In 2004, Mel Gibson released his magnum opus
on the life of Jesus, focusing on the Lord’s last days:
“The Passion of the Christ.”
In the most graphic way, the film portrayed
the terrible suffering of our Lord Jesus.

Watching the film, one can’t help
but realize that Jesus has personally experienced
the apparent indifference of God.
Even for His own Son, God does not
suspend the laws of nature:
Jesus bleeds when he is struck,
and when he is crucified, he dies.




The film was a huge success commercially
and even artistically–
but theologically?

Some theologians frown
upon the excessively bloody depiction
of the suffering of Jesus.
Of course the pain of the crucifixion was excruciating,
but this film got a little too carried away.

The problem with this overly gory portrayal of Jesus’ suffering
is not just that it’s not historically accurate,
but it’s also theologically misleading:
It gives the impression that the greatest pain
that Jesus experienced was physical.

But it wasn’t the physical pain of the crucifixion–
including all the torture that led to it–
that was deepest for Jesus.

Neither was it the psychological pain–
being deserted by his disciples, or of being mocked
and humiliated in public.
No doubt our Lord suffered greatly
because of all that, too.

But the deepest pain for the Lord–
the one that he most dreaded
and was his greatest fear–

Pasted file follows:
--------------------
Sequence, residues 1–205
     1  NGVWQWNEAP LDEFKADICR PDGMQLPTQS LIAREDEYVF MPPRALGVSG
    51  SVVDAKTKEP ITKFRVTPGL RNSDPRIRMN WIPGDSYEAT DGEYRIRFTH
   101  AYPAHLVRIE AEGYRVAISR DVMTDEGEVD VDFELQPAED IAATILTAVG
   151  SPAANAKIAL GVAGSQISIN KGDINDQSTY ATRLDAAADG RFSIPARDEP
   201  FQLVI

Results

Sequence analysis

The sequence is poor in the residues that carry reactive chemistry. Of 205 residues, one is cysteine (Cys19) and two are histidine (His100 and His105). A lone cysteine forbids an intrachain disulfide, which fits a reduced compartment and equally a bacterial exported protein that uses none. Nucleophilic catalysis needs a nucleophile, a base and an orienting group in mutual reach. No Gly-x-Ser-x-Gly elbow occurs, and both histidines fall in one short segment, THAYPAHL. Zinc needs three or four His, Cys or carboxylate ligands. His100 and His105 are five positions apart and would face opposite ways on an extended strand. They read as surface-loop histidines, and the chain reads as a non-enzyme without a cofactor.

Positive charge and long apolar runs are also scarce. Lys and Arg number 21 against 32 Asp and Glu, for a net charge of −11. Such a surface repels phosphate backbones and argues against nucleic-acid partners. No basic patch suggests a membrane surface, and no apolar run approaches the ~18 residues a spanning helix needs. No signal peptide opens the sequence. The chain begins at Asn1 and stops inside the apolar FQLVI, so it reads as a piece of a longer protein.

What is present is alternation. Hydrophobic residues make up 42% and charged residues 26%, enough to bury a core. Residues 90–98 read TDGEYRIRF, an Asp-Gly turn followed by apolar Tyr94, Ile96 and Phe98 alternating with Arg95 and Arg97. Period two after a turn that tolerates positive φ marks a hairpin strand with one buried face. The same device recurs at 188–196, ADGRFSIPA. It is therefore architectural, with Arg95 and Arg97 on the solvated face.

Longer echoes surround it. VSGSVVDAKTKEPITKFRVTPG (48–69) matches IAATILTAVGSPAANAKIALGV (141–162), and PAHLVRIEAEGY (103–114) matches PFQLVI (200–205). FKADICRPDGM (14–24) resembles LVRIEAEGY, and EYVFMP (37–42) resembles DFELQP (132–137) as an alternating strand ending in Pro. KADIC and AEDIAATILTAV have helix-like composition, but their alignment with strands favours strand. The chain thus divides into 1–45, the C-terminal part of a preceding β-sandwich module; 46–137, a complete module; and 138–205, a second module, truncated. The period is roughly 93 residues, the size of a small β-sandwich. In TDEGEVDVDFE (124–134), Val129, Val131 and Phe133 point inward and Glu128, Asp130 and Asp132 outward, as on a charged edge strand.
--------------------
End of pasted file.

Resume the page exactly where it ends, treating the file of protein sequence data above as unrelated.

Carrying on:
was the spiritual pain.

What happened beginning with Gethsemane,
when in his pained prayer,
our Lord finally said, “Your Will be done,”
was the silence of the Father
and God’s apparent indifference.

After all, the Lord Jesus redeems us
by identifying total with us sinners
and by putting himself completely in our place–
and where are we sinners if not separated from God?

It was this sense of separation
of the Son from the Father
that Jesus feared the most.
This sense of divine indifference
was a feeling totally alien to the Son of God
who from all eternity has constantly enjoyed
a unique intimacy with the Father,
but Jesus embraced it–for our sake.

Of course the Father remained intimately united
with Jesus until his very last breath;
but for Jesus in the long hours after Gethsemane
until his death on the cross,
he felt alone, pried away from the Father.


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